So let’s conclude on this and move right along. If you’re a salaried employee and you’re not a small business owner or earning rental income from a property, or from a side gig – you do not have options around structuring your salary to pay less tax.

Tax Guys are helpful, but for boring reasons

Finding a good person to help you with your taxes is not a bad idea. Tax has become increasingly complex of late, and it can be daunting to complete a tax return by yourself. The mental stamina and patience required for correcting mistakes with SARS can take months. People generally don’t like to deal with SARS for any longer than they need to. So if you’re uncomfortable with completing a tax return by yourself, then find someone who can help you out. See what they do and give it a go next year. If your circumstances don’t change, it’s unlikely that how you complete your tax return will change much either.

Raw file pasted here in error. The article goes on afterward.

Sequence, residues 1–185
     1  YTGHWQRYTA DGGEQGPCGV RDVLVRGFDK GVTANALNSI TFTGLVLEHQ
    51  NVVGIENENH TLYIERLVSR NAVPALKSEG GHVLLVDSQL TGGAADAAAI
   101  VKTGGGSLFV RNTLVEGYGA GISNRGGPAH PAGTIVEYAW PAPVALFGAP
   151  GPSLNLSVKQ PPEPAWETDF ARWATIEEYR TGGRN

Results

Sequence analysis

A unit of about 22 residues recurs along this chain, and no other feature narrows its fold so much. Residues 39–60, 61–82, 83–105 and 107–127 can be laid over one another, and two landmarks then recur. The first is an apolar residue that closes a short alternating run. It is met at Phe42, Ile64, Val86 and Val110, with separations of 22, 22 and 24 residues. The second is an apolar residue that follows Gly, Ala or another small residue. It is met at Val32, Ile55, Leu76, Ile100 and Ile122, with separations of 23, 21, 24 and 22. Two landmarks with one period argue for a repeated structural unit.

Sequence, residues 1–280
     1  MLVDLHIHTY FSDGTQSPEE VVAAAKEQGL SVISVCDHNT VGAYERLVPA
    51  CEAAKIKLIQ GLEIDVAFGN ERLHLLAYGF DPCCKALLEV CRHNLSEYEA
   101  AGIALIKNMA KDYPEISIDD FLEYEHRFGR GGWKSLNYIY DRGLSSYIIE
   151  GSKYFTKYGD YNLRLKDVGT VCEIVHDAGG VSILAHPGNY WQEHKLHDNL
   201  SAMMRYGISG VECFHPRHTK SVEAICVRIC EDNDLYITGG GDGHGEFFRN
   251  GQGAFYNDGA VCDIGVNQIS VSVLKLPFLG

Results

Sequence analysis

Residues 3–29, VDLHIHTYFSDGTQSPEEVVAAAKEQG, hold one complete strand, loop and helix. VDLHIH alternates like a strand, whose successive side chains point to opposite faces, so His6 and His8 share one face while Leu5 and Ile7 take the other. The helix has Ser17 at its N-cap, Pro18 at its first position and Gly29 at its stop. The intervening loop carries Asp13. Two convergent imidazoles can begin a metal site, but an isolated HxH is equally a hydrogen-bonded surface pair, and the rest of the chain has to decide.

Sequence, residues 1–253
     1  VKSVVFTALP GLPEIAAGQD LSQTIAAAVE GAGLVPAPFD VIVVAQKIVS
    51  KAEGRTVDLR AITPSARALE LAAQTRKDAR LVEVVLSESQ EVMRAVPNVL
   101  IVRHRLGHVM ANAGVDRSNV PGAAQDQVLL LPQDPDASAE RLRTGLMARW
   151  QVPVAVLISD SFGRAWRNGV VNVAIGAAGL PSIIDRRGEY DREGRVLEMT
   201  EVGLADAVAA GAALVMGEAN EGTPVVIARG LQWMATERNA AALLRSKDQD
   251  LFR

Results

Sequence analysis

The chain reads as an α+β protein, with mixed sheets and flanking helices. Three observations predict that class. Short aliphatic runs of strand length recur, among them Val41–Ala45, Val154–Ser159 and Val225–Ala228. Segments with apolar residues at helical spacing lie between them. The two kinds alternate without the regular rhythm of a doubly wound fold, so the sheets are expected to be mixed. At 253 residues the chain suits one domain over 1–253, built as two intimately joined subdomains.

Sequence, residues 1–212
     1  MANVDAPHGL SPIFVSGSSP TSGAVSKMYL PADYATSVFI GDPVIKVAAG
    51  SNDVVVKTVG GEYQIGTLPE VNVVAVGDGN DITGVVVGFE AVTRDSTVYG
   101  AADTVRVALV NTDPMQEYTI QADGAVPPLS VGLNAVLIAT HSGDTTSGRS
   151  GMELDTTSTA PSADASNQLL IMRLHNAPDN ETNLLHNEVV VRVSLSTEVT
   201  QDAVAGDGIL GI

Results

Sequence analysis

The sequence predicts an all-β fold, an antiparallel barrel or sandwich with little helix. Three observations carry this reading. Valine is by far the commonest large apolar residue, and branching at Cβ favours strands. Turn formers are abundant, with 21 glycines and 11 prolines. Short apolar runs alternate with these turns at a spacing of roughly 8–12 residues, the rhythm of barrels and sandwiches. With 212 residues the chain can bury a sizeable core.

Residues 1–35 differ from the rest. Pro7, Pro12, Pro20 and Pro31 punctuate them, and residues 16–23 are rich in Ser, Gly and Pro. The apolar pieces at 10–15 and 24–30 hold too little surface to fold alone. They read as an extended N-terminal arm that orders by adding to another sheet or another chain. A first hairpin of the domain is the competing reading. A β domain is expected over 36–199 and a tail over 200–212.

If you’re a salaried employee and not a business owner, then finding someone to help you with your tax should only be driven by your desire to get your taxes done quickly and correctly. Not be because you think a very clever advisor will save you lots of money. That doesn’t happen. It cannot. You’ll notice how emphatic I’m being here. That’s because “Oh you’re a tax consultant, can you get me a huge refund?” is as annoying as “Oh, you’re a comedian, tell me a joke.”

Your options are limited by tax laws, and a reputable tax practitioner can only operate within the framework of those laws. They can’t make stuff up. If you’re wanting to pay a premium for a tax advisor with the hope of getting a big refund, rather save your money and spend that on a good financial advisor.

Common-sense tax savings.